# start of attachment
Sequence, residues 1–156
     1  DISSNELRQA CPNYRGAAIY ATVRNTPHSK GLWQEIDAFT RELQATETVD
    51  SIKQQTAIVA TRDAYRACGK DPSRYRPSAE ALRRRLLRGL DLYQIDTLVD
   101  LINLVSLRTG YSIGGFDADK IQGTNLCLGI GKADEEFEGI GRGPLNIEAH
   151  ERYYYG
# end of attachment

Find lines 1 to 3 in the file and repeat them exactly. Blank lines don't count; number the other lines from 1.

Sequence, residues 1–156
     1  DISSNELRQA CPNYRGAAIY ATVRNTPHSK GLWQEIDAFT RELQATETVD
    51  SIKQQTAIVA TRDAYRACGK DPSRYRPSAE ALRRRLLRGL DLYQIDTLVD